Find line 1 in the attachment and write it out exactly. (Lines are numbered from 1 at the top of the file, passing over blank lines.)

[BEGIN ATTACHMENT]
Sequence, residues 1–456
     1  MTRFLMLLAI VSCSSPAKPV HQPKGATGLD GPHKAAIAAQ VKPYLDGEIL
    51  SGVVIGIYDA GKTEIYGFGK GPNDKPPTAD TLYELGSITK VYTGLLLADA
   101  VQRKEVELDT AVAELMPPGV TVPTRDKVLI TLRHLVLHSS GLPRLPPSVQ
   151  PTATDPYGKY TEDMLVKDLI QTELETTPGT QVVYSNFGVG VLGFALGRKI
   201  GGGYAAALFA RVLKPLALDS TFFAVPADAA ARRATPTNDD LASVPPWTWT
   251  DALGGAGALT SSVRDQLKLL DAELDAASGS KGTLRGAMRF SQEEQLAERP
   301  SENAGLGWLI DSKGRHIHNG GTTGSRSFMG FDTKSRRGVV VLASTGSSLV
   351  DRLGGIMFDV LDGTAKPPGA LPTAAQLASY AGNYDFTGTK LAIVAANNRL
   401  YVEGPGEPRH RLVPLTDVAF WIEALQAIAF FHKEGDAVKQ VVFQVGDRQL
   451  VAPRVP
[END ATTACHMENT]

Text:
Sequence, residues 1–456